Davalynn Spencer @davalynnspencer
My perspective of age has changed over the years. Perhaps that’s because I’m on a different side of it than I once was.
I still look ahead in anticipation, but now I look back with more gratitude for where the Lord has brought me and how. The how is very important, because it wasn’t always a pleasant trip. Quite often, the road was rough and the soles of my shoes wore thin. But it was the soul of myself that grew and strengthened and learned to rest in the Lord’s embrace along the way.
Author and literary scholar, C.S. Lewis, says we should not regard all those difficult or unpleasant times as interruptions of our “own” or “real” life.
“The truth is of course that what one calls the interruptions are precisely one’s real life—the life God is sending one day by day: what one calls one’s ‘real life’ is a phantom of one’s own imagination.”
Rather than choose such a radical acceptance, I suppose I could use the vernacular of the day and say “I identify” as a much younger woman. But I’d not give back one year the Lord has allowed.
Besides, what I truly want is to “identify” with Him.
By now I’ve learned that the important things are not what the media and human mentality tell us we should aspire to. Oh, what discontent I could have shed along the way if I had not bought into the hype that I should look, be, follow, or behave a certain way.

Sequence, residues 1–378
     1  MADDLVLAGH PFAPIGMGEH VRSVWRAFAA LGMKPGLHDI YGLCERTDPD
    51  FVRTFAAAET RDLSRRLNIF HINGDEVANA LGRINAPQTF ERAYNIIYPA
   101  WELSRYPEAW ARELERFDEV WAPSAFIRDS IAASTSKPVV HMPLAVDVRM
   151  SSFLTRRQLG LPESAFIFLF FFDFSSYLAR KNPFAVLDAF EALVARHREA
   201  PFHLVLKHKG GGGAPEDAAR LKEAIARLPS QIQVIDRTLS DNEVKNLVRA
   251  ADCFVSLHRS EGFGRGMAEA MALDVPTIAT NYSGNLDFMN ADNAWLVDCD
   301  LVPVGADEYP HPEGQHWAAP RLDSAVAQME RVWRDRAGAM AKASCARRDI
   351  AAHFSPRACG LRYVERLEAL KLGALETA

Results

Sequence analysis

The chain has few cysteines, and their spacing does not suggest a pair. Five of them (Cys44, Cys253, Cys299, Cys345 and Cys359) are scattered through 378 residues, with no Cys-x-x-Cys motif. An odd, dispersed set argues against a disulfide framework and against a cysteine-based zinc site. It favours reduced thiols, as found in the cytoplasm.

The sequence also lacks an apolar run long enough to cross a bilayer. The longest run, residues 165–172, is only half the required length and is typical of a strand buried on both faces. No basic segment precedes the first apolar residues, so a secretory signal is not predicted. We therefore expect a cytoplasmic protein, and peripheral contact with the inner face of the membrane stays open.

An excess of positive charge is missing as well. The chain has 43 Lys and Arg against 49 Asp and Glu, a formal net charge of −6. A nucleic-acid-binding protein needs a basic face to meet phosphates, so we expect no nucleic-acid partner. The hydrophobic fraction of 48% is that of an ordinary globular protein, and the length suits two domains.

I hope my children and grandchildren do better than I.
For my recent birthday, my family planned a wonderful surprise – a gathering of friends, memories, and blessings – priceless treasures indeed. Thank God that my times are in His hand.
My times are in Your hand.
“It’s a will,” he said. “Old-fashioned, hand-written, but it looks legal to me. Names you as heir to this property.”
Her breath caught. She fingered a decorative button on her blouse, staring at the ribboned paper and stalling. Was it good news or bad to be named an heir? She could be in crushing debt, depending on the mortgage.
As she slid the ribbon from the parchment and unrolled the document, Hugh let out a long breath. He was right about it being old fashioned—even her parents’ wills had been processed by typists. This looked old. And it was, dated the day of her fifteenth birthday, April 11, 1903.
The year her aunt and uncle had homesteaded in Colorado.
Rebellious tears fell, robbing her vision and clarity of thought. She pushed the parchment toward him. “Would you read it to me, please.”
His blue eyes went soft, but his jaw tightened. Compassion seemed a painful conflict for Hugh Hutton. ~Hope Is Built
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